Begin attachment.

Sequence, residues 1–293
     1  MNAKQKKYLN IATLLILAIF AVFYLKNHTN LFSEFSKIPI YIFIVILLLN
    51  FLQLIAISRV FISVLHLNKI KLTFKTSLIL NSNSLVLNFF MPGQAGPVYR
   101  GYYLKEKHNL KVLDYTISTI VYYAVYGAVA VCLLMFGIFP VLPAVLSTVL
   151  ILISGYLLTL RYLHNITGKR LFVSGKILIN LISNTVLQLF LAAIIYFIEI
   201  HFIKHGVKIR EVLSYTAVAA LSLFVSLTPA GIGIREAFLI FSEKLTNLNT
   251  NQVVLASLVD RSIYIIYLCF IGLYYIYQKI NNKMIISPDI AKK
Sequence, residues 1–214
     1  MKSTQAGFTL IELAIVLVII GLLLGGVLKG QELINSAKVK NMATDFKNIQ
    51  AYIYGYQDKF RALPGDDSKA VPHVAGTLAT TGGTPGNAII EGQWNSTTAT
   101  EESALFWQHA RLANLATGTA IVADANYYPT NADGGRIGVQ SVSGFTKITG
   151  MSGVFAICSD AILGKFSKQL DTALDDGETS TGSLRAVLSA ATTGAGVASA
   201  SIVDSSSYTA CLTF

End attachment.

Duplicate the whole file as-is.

Sequence, residues 1–293
     1  MNAKQKKYLN IATLLILAIF AVFYLKNHTN LFSEFSKIPI YIFIVILLLN
    51  FLQLIAISRV FISVLHLNKI KLTFKTSLIL NSNSLVLNFF MPGQAGPVYR
   101  GYYLKEKHNL KVLDYTISTI VYYAVYGAVA VCLLMFGIFP VLPAVLSTVL
   151  ILISGYLLTL RYLHNITGKR LFVSGKILIN LISNTVLQLF LAAIIYFIEI
   201  HFIKHGVKIR EVLSYTAVAA LSLFVSLTPA GIGIREAFLI FSEKLTNLNT
   251  NQVVLASLVD RSIYIIYLCF IGLYYIYQKI NNKMIISPDI AKK
Sequence, residues 1–214
     1  MKSTQAGFTL IELAIVLVII GLLLGGVLKG QELINSAKVK NMATDFKNIQ
    51  AYIYGYQDKF RALPGDDSKA VPHVAGTLAT TGGTPGNAII EGQWNSTTAT
   101  EESALFWQHA RLANLATGTA IVADANYYPT NADGGRIGVQ SVSGFTKITG
   151  MSGVFAICSD AILGKFSKQL DTALDDGETS TGSLRAVLSA ATTGAGVASA
   201  SIVDSSSYTA CLTF